Thursday, October 31, 2013

Happy Halloween, Cookistry style.

First, there was a haunted gingerbread house.



And then it spiraled completely out of control. As if I was possessed.



Cupcakes with chocolate and mayonnaise and vanilla cupcakes. And more cupcakes, this time gingerbread. Followed by pumpkin orange banana cupcakes.



Brown sugar frosting was on the agenda, too. And those are orange cupcakes.


Spooky soup with two types of cauliflower.



Chocolate bats were a lot of fun, with spooky orange eyes.


A spooky carved kiwano or two.


This pumpkin.


And then this happened.


And then there was the Buddha's Hand. It's a weird citrus fruit, but then I hollowed it out for serving a cocktail.

And then I deconstructed it and used some of the fingers as a cocktail garnish.


The Buddha's hand works with any cocktail where you might add citrus or use a citrus garnish. In this case, it's apple cider infused with some mulling spices - the type you'd use for wine. The cider is great cold or warm or hot. And if you want to add a little whisky or vodka or rum ... well, I wouldn't stop you. I'm working on a few cocktail recipes now. I'm sure you'll be seeing them very soon.

And last, these little guys aren't technically Halloween items, but they were a lot of fun.



Are they cute? I had a lot of fun decorating them. More on them later.


So ... what are YOU doing for Halloween?

Wednesday, October 30, 2013

Slow Cooker Mac and Cheese (and the #GIveaway is still live!)

Not great photo - but really good mac and cheese!
Let's face it, mac and cheese is a classic.

And, let's face it, mac and cheese can go horribly wrong. Like when the cheese curdles. Yes, it has happened to me.

So when I found a recipe for Slow-Baked Mac and Cheese in Beth Hensperger's book Not Your Mother's Slow Cooker Recipes for Two, I had to give it a try.

I actually made a recipe for mac and cheese in a slow cooker (or Crock Pot or crockpot, or whatever you call it) quite some time ago, at the request of a friend. But that version was designed to feed a small army and the person said, "Spare no expense!" so I developed the recipe with that in mind.

It was a really good mac and cheese, but I generally don't have to feed an army. So I thought I'd give this one a try.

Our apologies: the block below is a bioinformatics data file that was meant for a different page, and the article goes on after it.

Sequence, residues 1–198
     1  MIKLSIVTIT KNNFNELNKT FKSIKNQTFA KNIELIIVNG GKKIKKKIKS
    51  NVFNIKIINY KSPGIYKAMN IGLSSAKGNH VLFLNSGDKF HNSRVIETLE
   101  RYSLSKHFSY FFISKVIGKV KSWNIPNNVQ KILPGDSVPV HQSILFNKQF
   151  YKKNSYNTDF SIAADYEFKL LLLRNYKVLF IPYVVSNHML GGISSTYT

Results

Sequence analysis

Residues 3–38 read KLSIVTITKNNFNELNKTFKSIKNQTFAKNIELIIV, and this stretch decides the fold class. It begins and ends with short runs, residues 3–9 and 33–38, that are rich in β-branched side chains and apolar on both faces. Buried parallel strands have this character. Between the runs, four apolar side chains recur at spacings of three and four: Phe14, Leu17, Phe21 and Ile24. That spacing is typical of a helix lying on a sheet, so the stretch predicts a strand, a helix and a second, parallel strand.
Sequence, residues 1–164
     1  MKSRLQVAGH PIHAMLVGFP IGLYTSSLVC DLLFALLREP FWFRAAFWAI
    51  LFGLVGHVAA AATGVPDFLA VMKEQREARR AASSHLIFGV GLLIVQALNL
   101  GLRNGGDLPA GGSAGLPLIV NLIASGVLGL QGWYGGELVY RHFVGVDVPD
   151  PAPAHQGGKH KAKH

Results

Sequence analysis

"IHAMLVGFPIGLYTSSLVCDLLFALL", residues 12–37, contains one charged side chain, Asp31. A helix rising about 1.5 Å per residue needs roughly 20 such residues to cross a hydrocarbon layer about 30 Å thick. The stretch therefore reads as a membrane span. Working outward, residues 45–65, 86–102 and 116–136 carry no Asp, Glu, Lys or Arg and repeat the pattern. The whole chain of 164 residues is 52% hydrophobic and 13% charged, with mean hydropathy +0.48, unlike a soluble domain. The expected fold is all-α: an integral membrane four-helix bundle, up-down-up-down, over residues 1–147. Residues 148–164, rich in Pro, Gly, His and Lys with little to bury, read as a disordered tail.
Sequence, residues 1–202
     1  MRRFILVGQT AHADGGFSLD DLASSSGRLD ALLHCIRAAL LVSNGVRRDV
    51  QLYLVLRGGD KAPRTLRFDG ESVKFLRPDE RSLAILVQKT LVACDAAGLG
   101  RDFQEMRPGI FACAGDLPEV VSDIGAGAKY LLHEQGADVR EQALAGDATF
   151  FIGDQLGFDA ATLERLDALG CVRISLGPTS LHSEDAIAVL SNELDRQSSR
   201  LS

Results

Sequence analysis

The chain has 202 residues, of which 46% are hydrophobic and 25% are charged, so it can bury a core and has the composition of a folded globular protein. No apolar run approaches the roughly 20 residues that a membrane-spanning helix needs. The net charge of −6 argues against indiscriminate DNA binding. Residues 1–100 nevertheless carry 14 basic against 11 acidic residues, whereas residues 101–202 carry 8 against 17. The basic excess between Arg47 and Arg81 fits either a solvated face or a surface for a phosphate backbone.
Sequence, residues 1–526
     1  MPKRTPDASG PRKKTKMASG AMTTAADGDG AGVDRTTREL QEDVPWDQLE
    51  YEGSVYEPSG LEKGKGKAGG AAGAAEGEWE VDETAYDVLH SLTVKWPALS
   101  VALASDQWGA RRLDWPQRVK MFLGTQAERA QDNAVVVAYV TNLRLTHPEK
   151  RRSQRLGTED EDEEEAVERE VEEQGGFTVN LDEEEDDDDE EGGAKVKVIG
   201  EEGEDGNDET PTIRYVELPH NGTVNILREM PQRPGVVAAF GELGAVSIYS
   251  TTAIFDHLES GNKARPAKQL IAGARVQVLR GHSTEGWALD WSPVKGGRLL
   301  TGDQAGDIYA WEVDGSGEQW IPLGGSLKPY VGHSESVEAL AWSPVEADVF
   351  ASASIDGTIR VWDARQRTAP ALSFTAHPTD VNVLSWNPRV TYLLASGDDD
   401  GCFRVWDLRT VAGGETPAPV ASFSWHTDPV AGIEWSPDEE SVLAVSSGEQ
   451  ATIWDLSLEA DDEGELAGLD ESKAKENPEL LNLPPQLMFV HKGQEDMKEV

This recipe calls for fontina cheese, but when I checked the cheese collection, I didn't find any fontina. And there were some hunks of cheese that had lost their identities when I had re-wrapped them. Oops. I considered running out to buy fontina, but I changed my mind and decided to use what I had. Bits and pieces and odds and ends. I knew they were all similar to fontina in texture. So, I expected the end result to be okay, even if the flavor - and color - were different.

Because, to be perfectly honest, I tend to prefer a yellow mac and cheese. So some colby went into the pot.

This is a great recipe for a busy day because after it's assembled and the first 1/2 hour of cooking is done, you can curl up on the couch for a nice nap before dinner. Er, I mean get a whole lot of stuff done.

The recipes in this book are designed for smaller slow cookers and small families, but I made this in a 6-quart Hamilton Beach slow cooker without any problems at all.

Slow Baked Macaroni and Cheese
Adapted from Not Your Mothers Slow Cooker Recipes for Two by Beth Hensperger

1 1/2 cups milk
1 12-ounce can evaporated* milk
3 large eggs
1/2 cup (1/2 stick) unsalted butter, melted
1/2 teaspoons salt
3 cups (12 ounces) shredded fontina cheese
1/2 pound elbow macaroni, par-cooked and drained
Freshly ground black pepper, to taste
1/2 cup grated parmesan cheese

Spray the inside bottom and sides of the slow cooker with cooking spray (not the baking spray with flour) or grease it with a bit of olive oil or vegetable oil.

Okay, I digress. I just typed, "Spray the bottom and sides ..." and then went back and inserted the word "inside." Do I really think I need to say that? Are there people who would spray the outside of the slow cooker? I really don't know.

Combine the milk, evaporated, milk, eggs, butter, and salt in the slow cooker and whisk to combine.

Add the elbows and cheese and stir to combine. Sprinkle the parmesan cheese on top.

Set the slow cooker for high and let it cook for 30 minutes.

Reduce the temperature to low and cook for 2 to 2 1/2 hours, until the pasta is set and the cheesy custard is set in the center.

If you're not ready to serve, this can rest at the "keep warm" setting for another half hour or so.

*Make absolutely sure you're getting evaporated milk and NOT condensed milk. You're making mac and cheese, not flan.

Hey, how about a giveaway?

There's been a giveway among all SEVEN Virtual Potluck members  - and we're giving away a slow cooker and a cookbook to a total of eight winners.

And the really cool thing is that there are four different books up for grabs, so be sure to check out all the other Virtual Potluck members and see which books they used.
The recipes will be going live all this week, so you've got plenty of time for browsing.

Please wait a second or two for the Rafflecopter widget to load ....

a Rafflecopter giveaway

Cheesefest! Cheesefest! Cheesefest!

Do you know what a turophile is?

Hint hint.